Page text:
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The term “full coverage” is always floating around the insurance industry. We get calls every day from customers asking for “full coverage” on their auto insurance, and it often comes as a surprise when we tell them that “full coverage” doesn’t exist.
Click here to see my Guide to Auto Insurance.
There is no coverage on an auto policy with any insurance company called “full coverage,” as there is no coverage that will cover you fully in every situation. When people and car dealerships use the term “full coverage,” they are referring to the following 3 core coverages:
1. Liability Coverage
The state requires everyone to carry liability insurance to cover bodily injury and property damages you might cause by an an at-fault accident. In Texas, the minimum liability limits required by law are as follows: $30,000 per person/$60,000 per accident for bodily injury/$25,000 for property damage.
2. Collision Coverage
Where liability covers the other driver and his or her vehicle after an accident that is your fault, collision coverage protects your own vehicle. If you have collision coverage, your vehicle will be repaired after you pay your deductible. If you owe money on your vehicle, lenders will require that you have collision coverage to protect their interest.
3. Comprehensive Coverage
Another term frequently used for comprehensive coverage is “other than collision.” Just as it sounds, comprehensive insurance covers your vehicle when it is damaged for a reason other than a collision, such as vandalism, hail, flood, fire, or hitting an animal. Like collision, if you have comprehensive coverage, your vehicle will be repaired after you pay your deductible. Lenders also require comprehensive coverage in order to ensure that a vehicle will be repaired if it is damaged for any reason until it is paid in full.
When people use the term “full coverage” they frequently assume they have the following optional coverages that are not required by the state or a lender.
Uninsured Motorist Coverage
In the state of Texas, it is estimated that 20-25% of all drivers are uninsured. If you have comprehensive and collision coverage, your vehicle will be repaired after you pay your deductible, but that deductible is likely higher than the deductible of $250 that you would pay if you had uninsured motorist coverage. Also, uninsured motorist coverage gives you an your passengers bodily injury coverage of at least the state minimums (In Texas, $30,000 per person up to a total of $60,000 for the accident). Given the large number of uninsured drivers on the roads, this is an important coverage. If you decline uninsured motorist coverage in Texas, you are required to sign a document rejecting the coverage.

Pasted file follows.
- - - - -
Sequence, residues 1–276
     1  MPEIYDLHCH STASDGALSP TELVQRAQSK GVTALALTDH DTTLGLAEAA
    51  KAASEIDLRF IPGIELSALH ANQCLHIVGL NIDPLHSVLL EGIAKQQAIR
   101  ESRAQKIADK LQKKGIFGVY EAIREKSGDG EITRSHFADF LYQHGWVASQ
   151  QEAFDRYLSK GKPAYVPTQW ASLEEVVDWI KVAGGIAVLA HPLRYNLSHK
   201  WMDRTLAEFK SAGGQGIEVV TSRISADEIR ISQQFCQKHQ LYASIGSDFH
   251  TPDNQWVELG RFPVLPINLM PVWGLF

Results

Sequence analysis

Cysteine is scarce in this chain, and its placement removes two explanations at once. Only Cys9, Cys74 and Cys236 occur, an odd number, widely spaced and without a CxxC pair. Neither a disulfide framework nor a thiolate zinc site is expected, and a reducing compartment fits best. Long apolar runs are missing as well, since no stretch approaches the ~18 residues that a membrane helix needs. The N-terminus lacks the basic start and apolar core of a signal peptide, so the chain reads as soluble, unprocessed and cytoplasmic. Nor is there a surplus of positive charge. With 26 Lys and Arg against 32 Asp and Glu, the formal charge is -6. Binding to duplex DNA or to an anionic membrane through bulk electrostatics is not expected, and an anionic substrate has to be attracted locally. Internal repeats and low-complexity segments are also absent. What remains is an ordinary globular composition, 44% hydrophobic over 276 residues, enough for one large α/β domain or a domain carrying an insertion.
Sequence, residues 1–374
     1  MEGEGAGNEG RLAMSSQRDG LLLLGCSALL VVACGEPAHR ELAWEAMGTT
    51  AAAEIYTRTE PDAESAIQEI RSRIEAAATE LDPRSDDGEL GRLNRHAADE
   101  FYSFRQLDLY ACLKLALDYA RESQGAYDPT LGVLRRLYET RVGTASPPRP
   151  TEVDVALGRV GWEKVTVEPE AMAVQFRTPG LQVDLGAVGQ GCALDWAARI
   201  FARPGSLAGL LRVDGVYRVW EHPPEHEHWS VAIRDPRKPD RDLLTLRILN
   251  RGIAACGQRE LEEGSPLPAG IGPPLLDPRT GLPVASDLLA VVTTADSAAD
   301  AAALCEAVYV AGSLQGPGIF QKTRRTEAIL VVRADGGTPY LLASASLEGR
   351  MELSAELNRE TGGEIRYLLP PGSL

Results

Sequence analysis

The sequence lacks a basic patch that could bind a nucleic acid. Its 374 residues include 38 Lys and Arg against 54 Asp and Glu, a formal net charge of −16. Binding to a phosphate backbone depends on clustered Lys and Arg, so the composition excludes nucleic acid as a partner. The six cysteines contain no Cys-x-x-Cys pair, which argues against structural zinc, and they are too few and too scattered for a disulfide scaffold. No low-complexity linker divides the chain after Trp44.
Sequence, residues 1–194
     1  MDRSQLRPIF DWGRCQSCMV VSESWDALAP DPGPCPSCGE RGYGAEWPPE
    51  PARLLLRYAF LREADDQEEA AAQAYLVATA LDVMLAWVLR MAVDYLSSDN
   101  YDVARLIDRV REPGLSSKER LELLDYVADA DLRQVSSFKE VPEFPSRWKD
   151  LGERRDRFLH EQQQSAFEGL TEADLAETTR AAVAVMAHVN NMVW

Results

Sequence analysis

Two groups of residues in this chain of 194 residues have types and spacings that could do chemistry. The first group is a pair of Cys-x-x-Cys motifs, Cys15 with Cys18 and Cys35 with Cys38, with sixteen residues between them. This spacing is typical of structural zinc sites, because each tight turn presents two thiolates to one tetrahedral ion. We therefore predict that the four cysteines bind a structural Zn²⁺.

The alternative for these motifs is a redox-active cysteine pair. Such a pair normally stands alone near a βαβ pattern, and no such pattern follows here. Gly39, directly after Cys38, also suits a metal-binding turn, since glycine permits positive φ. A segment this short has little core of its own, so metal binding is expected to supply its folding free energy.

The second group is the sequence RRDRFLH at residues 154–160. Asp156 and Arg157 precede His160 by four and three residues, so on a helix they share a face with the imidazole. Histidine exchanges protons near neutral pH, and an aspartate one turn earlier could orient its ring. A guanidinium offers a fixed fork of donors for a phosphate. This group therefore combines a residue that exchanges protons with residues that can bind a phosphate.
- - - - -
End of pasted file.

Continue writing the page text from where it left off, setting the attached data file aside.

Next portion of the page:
Related article: Uninsured/Underinsured Motorists Coverage in Texas
Rental Car Reimbursement
If you have this coverage, your insurance company will pay for a rental car while your car is repaired after an accident, whether the accident was your fault or not. Many people assume that if they ask for “full coverage,” they will automatically have rental car reimbursement coverage, but this coverage is optional. After an accident, people are often very upset when they realize their auto policy does not pay for a rental car while their car is in the body shop.
Related article: Does Your Auto Policy Cover A Rental?
Personal Injury Protection (PIP)
If you opt out of PIP coverage, you and your passengers will have no medical or lost earnings coverage after an at-fault accident. Like uninsured motorist coverages, if you reject PIP, Texas law requires that you must sign a document rejecting the coverage.
Related article: Understanding Medical Payments (MedPay)
As you can see, the term “full coverage” can be misleading. If you think you have “full coverage,” it’s important to look over your auto policy and make sure you have all the optional coverages that you need.
Towing and Roadside Assistance
Towing is also an optional coverage. It is very inexpensive and will cover towing and roadside assistance for any reason up to your coverage limits. Click here to see my Guide to Auto Insurance.